Dang, we really do need to get out more. Frankly, I had misgivings about six days on the road with eight other MOrons, but by the time we got home I was wondering, why do we all live with these other 11 million morons packed into SoCal anyway? Can’t we just keep riding? Oh well, at least we lucky few have the chance to escape it now and then, to see the other California. The Central Coast, like between Santa Barbara and Monterey, is nice enough. Camping at Big Sur on our first night out was okay, but to me, camping in campgrounds is like staying in a hotel with no walls. It’s not until you make it north of San Francisco, quite a ways north, that the real mental adjustment can begin.

Whatever: A Nice Week at the Office

Big Sur camping was bearable mostly thanks to Brasfield’s portable espresso machine. Something wild broke in during the night and drank my whole bottle of Rebel Yell.

If Bodega Bay were within 200 miles of L.A., it’d be crawling with Tippi Hedrens and Alfred Hitchcocks and guys in bird costumes charging busloads of tourists five bucks for a photo with them out front of the Wax Museum. The fact that BB is 65 miles north of San Francisco, however, means that I only saw one The Birds Cafe as we rolled through town at about 25 mph, and otherwise no attempt to cash in on the fact that this place is where that classic film was shot. (Then again, I may have just missed it? The downside of a MOron tour is we only stop for gas, food, sleep and photography.) Not only is it not crawling with tourists, the whole place doesn’t look that much different than it did in 1963, when Hitchcock filmed most of it here.

I’m too busy right now to do actual research to try and ascertain why many parts of Northern California never experienced the growth and sprawl of the southern half of the state, and that large chunks of it look trapped in the `60s economically and architecturally, but as a visitor I’m truly grateful for it. The whole place is a sparsely populated small-town America perched on a rugged beautiful coastline, on a perpetual crisp Fall day.

Anyway, Bodega Bay was where we gassed up at dusk on Day 2 (lead photo), before hopping back on HIghway 1 along the Pacific for that day’s goal, Gualala. I generally don’t have the patience to sit and watch an entire sunset, but we really couldn’t help watching this one since we were actually immersed in it, our nine bikes seemed to be the main characters as Highway 1 picked that moment to climb over and around a big mountain just south of the Russian River’s mouth. Must’ve been about ten miles of perfect squiggly pavement. There was still plenty of pink and purple and violet green light to let you see the road, but not quite enough to make out all the blemishes and sand patches that normally slow you down a little. What could go wrong? There weren’t any cars, so we let our engines run, our Brembos brake, and our gearboxes shift. Interspersed in the crazy light colors of God’s own 3D IMAX were huge dark spires of rock poking up out in the ocean with big foamy waves crashing into them, and in many right-handers it definitely looked like if you got it wrong it would be a very long way to splashdown. I was on the Aprilia Caponord Rally at the time, and that’s when I fell in love with it. Nine headlights bouncing off rock walls and off into space, we were the only humans around.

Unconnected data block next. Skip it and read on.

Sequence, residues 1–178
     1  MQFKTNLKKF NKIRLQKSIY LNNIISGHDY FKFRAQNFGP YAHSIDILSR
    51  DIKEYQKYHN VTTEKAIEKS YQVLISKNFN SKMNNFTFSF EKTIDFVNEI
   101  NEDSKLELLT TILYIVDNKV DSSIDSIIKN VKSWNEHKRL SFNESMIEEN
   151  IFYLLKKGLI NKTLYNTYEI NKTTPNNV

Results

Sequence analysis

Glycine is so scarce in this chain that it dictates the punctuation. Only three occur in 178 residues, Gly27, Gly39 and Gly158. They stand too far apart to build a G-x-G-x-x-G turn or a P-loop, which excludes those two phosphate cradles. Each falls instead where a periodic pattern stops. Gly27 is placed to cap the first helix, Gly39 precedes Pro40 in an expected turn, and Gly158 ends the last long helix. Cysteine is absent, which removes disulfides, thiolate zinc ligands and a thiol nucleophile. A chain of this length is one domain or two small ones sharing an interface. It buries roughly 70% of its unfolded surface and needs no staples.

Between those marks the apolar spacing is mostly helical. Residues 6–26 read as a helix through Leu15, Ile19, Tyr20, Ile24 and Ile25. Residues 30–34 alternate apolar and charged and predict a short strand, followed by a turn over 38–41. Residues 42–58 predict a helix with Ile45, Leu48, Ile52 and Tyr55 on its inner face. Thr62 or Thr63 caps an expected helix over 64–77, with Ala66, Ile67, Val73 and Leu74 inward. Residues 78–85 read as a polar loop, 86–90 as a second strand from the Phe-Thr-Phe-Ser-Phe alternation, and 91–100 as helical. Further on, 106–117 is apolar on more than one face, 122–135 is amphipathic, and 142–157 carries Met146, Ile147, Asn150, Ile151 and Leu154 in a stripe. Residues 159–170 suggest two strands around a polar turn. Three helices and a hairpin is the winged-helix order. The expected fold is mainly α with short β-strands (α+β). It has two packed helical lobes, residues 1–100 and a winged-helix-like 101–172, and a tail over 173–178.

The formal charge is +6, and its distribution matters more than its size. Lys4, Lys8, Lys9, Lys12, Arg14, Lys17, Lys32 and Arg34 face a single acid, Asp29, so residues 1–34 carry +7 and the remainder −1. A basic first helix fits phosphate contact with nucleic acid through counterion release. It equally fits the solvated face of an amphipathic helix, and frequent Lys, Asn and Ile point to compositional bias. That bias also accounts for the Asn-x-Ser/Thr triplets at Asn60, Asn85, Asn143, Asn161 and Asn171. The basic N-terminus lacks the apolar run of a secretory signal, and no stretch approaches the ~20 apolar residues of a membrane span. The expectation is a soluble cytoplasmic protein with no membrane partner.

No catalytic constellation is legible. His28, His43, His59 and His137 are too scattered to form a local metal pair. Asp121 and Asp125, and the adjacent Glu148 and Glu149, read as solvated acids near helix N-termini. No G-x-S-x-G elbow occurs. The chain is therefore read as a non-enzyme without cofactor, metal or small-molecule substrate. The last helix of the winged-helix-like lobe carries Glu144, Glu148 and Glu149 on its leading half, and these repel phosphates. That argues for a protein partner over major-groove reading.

Whatever: A Nice Week at the Office

The Eel River looks like another good place to go fishing, but maybe this isn’t it? Too many beautiful streams to keep track of up in there.

Gualala wasn’t much of a town either when we got there in the dark, but the guy at Bones Roadhouse kept the place open late to serve us a caliber of barbecue ribs and brisket and things you don’t usually associate with California. A fox trotted across Highway 1 in front of us while we stood in the parking lot, not worried about cars since there weren’t any. Gualala is, logically enough, where the Gualala River dumps into the ocean, but only in the winter when it rains; that’s what makes it the place to go for steelhead trout. It and a bunch of other creeks and rivers that drain into the ocean.